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Hello fellow Nodistas, and welcome back to the party. NodePDX is coming back for another year. When we first got together a few months back, we were over-the-top excited, putting together details and hatching our initial plans. Now that we’ve begun booking speakers and nailing down some of the details, we’re more confident than ever that this is going to be a phenomenal conference. We just can't contain our excitement, so we'll be keeping all of you in the loop about what’s going on.


This year, NodePDX will be held at the lovely Holocene in Southeast PDX, on 10th and SE Morrison. Though Holocene is usually thought of as a music venue (and one of the best in town at that), it also turns out to be a wonderful place for a tech conference. It's spacious, aesthetically sleek, technologically well equipped, and located in the heart of the up-and-coming inner Southeast. And let's be honest: the fact that it's already a dance club doesn't hurt, now does it?


Ward Cunningham (Twitter, GitHub)

Let’s call a spade a spade: as the inventor of the wiki, Ward is one of the most important figures in the history of digital information exchange. But, not content to rest on figurative laurels, Ward continues to be very active in the Portland tech scene and remains a prolific innovator. Last year Ward shared with us a wonderful, Node/JavaScript-driven example of that; his The Smallest Federated Wiki. This year, we'll see a deep dive, from solder to css, showing how data is surfaced from DIY sensors at Ward's home, then shared onto a federated wiki page via a custom DSL.

Nexxy (Twitter, GitHub)

Nexxy, developer at Ninja Blocks and future overlord of the Internet of Things, doesn’t so much "give talks" as provide wonderfully bizarre multimedia experiences, complete with robots, smoke machines, strobe lights, and house music, all tied together with heavy doses of JavaScript. Not only that, but Nexxy is helping organize our hardware track, so we're pretty sure your mind is going to be blown, one way or another, possibly two or three ways at the same time.

Jerry Sievert (Twitter, GitHub)

Jerry loves building things, and is the resident JavaScript guru at Esri’s Portland R&D Center (formerly Geoloqi). If you’ve been to Bailey’s Taproom here in PDX, then you’ve seen Jerry’s handiwork without knowing it, as Jerry managed to string together the series of behind-the-scenes Raspberry Pis that now power the Bailey’s digital interface. We've seen Jerry chillin' with an Arduino wired up to an Apple computing product with JavaScript code on the console. Awesome. Jerry and Nexxy are cohorting to organize the hardware track and just might teach you how to solder, if you ask nicely.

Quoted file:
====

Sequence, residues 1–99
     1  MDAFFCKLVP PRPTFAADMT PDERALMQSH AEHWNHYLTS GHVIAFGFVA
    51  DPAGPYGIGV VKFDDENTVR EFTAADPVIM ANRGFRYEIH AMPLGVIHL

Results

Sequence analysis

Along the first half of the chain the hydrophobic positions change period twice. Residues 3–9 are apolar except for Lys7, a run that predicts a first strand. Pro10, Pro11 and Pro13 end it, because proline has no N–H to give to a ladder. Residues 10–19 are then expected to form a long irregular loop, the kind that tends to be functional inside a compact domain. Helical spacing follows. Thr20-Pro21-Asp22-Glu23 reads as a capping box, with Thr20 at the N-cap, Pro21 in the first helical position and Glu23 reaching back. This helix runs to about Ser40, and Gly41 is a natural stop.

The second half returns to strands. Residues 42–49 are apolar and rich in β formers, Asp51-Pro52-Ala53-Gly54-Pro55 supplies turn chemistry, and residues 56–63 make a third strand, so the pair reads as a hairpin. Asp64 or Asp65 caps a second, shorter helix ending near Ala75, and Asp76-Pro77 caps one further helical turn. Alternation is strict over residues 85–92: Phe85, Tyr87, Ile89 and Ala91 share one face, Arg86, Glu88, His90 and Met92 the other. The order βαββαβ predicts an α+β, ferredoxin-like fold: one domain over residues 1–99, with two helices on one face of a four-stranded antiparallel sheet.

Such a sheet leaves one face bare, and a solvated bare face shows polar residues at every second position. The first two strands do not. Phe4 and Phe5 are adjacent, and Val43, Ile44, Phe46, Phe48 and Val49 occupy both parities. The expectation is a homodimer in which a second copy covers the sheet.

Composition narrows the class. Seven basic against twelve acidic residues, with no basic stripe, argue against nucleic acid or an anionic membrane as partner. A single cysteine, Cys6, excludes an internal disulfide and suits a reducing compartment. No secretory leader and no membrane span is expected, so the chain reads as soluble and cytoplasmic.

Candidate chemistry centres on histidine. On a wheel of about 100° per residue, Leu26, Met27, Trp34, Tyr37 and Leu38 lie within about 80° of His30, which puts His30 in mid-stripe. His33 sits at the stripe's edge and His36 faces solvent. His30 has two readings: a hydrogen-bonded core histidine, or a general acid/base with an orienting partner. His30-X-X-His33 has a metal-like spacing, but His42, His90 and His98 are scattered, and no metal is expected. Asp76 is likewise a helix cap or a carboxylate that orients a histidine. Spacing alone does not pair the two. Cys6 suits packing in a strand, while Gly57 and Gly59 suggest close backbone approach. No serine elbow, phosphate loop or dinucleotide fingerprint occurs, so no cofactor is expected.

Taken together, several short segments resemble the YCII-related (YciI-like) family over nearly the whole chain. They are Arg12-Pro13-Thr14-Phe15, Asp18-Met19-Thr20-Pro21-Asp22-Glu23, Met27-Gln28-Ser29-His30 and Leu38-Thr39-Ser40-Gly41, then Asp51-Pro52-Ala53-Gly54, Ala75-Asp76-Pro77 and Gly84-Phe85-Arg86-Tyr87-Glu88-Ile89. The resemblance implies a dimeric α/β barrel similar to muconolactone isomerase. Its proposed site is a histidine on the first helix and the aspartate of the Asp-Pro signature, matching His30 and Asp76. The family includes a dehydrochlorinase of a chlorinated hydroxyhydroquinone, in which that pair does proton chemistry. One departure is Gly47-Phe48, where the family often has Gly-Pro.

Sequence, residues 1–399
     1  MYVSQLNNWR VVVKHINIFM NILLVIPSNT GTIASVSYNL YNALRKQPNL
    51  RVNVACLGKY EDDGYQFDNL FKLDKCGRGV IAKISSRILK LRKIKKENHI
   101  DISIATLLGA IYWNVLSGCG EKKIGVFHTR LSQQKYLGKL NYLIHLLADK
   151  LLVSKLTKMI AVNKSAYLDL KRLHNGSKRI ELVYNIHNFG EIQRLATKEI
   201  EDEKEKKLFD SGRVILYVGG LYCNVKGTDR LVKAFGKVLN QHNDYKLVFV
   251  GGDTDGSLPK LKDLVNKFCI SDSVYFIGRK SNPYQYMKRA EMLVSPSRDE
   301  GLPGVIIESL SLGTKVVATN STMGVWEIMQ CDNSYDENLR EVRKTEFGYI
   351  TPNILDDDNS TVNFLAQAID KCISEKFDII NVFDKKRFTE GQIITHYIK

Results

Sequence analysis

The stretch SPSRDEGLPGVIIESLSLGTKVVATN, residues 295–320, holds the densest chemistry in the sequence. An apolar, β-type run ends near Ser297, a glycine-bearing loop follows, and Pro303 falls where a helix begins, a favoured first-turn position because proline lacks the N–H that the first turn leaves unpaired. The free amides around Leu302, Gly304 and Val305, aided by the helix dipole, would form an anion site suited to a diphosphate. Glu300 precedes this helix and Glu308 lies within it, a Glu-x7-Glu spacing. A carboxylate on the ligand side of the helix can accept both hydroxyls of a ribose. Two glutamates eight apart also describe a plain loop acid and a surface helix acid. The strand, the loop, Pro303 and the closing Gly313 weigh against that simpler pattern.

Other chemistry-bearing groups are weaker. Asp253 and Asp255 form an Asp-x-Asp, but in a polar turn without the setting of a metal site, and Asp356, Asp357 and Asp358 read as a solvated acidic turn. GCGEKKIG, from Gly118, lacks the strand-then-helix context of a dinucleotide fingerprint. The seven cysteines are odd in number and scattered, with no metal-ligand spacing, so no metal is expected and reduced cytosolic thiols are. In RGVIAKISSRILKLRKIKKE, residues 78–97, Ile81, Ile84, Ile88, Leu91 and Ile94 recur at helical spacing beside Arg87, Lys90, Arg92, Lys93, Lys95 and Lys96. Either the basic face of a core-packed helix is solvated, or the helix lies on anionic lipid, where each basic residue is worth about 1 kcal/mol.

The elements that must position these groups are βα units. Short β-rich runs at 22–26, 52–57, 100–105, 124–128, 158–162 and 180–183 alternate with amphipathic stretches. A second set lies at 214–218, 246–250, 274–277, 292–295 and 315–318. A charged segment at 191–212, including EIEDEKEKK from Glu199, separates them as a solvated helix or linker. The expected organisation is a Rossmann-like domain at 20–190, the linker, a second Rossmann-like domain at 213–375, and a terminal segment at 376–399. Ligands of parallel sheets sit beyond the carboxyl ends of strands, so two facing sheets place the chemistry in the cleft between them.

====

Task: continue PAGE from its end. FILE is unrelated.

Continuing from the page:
Hannah Fouasnon (Twitter, GitHub)

Hannah was a co-founder of LuckySort and is currently the co-founder of and developer for DJZ, an online resource for DJs and those who love them. Portland is still mourning the loss of our favorite former marine parasitology researcher to sunny San Francisco, so we're really excited Hannah is coming back for this. So, yeah, we've got make sure NodePDX is the most Portlandy thing that Portland has ever Portlanded just to make Hannah jealous.

Jason Denizac (Twitter, GitHub)

Jason is currently a JavaScript dev at Agile Diagnosis and is self-described as a health technologist. Another semi-Portlander living in the Bay Area, Jason is both a highly prolific contributor to the JavaScript community and a staunch proponent of working on things that matter. Some people talk the talk, but Jason walks the walk, evidenced via a sincere commitment to improving the state of technology in the health care industry.


Portland Incubator Experiment (PIE PDX)

PIE PDX is a startup incubator in the fullest sense. Seriously, you just put little misshapen idea-eggs into this box over on NW Davis and 12th, and fully-formed and fully-funded startups pop out, all warm and fuzzy making weird little chirping noises. To the companies that are lucky enough to land a spot in one of PIE’s yearly Accelerator classes (thousands apply and only six make it), PIE offers far more than a friendly/funky shared office space and a kegerator: it offers graphic design resources, dedicated advisors, a wealth of camaraderie, and far more. Recent graduates of PIE include AppThwack, Stublisher, Lytics, and others. We’re thrilled to have this crucial Portland institution as a sponsor.

Silicon Florist (Media Sponsor)

Want the inside scoop on what's happening in the so-called Silicon Forest? Stop by our favorite not-really-a-flower-shop, Silicon Florist. Here you'll find only the best in independent Portland-focused tech news, guaranteed to be only as biased as Rick Turoczy's very well-informed opinion. We're super-grateful for their help spreading the word about NodePDX. So go read some stuff, check out the job board, and become one of the 1000 beautiful flowers that the Silicon Florist has helped to grow.

More to Come

Well friends, that's all that we have to share at the moment, but stay tuned: we have lots more coming soon -- more speakers, more sponsors, more details. In fact, maybe you could be part of our next post? Our CFP is open now, so go ahead, suggest a speaker or submit a talk!

Does this look like the kind of thing your company would want to support? We have sponsorship opportunities available as well. Contact Troy Howard for more info.

Oh, and while I was standing in line for brunch the other day, an early little bird, happily munching on a worm, told me that tickets might be going on sale sometime next week, and they will be surprisingly cheep... I mean cheap (dang bird metaphors!).

Please come back and visit us here on the blog and on Twitter for more info as we go along!